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Mar 20, 2020
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hanwagu can you explain what you mean by H1N1 confirmed mortality rate off 2.98%. The typical numbers listed are like .02? Where is the discrepancy? Thanks
 
Mar 20, 2020
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Are you suggesting that once the true denominator in the US is known the mortality rate will be similar to the flu like in Germany?
 
Mar 20, 2020
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Can you are someone show me the section where the CDC initially estimated the mortality rate as 2.98%. I looked and could not find it. Thanks
 
Mar 20, 2020
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So you are telling me that with COVID19 the CDC is only counting testing confirmed cases unlike H1N1? How are they calculating the fatality rates in Germany, Japan, or S Korea since they can't be testing everyone? I know they have widely available testing so are they making estimates from that data? Thanks
 
Mar 21, 2020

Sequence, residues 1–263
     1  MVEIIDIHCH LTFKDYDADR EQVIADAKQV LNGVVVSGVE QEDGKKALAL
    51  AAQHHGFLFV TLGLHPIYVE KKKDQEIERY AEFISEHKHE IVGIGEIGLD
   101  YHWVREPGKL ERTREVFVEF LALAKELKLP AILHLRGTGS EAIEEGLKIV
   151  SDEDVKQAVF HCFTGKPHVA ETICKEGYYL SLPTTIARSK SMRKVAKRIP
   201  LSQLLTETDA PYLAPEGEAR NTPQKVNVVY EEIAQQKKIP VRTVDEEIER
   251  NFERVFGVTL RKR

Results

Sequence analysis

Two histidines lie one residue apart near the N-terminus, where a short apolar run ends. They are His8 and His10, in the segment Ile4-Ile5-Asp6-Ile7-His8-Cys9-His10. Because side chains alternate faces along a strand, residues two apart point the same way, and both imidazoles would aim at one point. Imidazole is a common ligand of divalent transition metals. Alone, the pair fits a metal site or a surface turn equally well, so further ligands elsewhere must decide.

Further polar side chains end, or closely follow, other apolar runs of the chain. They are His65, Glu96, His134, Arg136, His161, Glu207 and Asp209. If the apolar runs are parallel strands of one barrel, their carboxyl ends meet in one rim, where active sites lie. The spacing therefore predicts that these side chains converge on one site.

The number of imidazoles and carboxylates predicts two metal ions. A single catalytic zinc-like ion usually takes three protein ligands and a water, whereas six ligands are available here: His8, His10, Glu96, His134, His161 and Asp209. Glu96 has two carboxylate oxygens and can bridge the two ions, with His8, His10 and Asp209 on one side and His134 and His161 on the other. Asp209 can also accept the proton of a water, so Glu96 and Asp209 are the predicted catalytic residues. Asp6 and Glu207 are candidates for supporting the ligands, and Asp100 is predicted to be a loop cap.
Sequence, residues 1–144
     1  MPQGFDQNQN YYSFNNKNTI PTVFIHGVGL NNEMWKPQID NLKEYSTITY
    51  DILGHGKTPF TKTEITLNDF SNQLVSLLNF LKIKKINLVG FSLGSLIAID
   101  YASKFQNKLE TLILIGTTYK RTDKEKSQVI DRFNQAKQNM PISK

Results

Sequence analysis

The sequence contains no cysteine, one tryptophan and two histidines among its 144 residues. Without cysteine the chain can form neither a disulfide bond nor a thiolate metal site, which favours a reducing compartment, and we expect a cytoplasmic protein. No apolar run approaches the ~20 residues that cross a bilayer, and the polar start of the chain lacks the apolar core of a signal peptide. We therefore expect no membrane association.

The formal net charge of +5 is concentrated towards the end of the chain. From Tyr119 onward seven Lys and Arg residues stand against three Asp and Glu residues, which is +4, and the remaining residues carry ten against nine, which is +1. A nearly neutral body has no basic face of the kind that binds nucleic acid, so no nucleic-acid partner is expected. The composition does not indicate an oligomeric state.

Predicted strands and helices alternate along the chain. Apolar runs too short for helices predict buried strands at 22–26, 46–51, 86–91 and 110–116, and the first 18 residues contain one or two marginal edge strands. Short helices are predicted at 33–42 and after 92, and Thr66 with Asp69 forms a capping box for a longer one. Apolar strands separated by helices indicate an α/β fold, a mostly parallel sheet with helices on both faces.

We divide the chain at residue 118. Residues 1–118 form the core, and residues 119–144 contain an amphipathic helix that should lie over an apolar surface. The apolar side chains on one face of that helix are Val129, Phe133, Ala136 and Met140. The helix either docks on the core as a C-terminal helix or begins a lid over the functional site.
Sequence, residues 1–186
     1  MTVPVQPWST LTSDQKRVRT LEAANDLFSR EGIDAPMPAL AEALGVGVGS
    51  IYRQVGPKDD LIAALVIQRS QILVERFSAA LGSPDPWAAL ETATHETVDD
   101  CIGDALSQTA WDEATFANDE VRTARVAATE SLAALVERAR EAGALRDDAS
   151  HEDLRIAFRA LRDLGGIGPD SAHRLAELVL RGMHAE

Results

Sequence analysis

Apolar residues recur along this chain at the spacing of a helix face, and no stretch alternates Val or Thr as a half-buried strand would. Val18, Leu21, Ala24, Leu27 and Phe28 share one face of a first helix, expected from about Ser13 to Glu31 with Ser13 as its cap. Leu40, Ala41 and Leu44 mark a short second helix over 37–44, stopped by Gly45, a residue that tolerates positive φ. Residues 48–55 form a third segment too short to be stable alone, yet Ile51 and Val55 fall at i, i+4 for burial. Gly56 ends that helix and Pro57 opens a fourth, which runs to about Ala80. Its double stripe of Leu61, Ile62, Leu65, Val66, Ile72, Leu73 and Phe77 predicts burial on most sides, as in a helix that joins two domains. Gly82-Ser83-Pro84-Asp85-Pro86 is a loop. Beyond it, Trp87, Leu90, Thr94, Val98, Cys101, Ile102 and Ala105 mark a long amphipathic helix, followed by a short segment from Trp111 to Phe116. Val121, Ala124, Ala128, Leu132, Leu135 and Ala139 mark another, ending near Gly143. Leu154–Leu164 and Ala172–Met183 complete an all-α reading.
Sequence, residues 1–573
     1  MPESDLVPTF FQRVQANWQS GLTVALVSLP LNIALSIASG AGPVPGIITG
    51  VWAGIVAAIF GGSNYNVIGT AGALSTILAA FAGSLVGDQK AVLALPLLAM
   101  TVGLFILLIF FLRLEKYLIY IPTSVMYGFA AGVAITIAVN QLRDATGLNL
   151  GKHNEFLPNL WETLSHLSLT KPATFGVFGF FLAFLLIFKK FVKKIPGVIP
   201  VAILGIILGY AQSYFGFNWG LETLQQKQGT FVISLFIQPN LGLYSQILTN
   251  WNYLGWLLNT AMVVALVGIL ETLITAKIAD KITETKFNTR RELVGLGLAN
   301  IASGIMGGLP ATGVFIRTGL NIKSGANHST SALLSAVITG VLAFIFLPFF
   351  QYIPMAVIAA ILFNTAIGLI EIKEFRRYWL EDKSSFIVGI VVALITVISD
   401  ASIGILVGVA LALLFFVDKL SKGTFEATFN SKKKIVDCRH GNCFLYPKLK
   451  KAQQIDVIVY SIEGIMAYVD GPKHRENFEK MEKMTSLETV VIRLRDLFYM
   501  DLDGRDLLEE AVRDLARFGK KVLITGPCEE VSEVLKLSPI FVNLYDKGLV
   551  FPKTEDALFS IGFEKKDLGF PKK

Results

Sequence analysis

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I had the misfortune to get the 2009 swine flu and I can't remember it fully but I think that it made me very tired but it was similar to a bad common cold.however the major difference is we had the antiviral agent Tamiflu to use against the swine flu but it doesn't seem to work against corvid-19.i can't really say for sure if Tamiflu helped against my swine flu as perhaps it would have gone by itself anyhow but it felt like I was doing something to battle it.i suppose if you have any Tamiflu to hand,not the sort of stuff you are likely to have lying around!, and you get corvid-19 it's worth a try, better than praying!
 
Mar 28, 2020
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The first case in China was known in late November 2019. But they didn't tell anybody until late December or mid January when they released the gnome sequence. So the virus has been spreading throughout the world since November.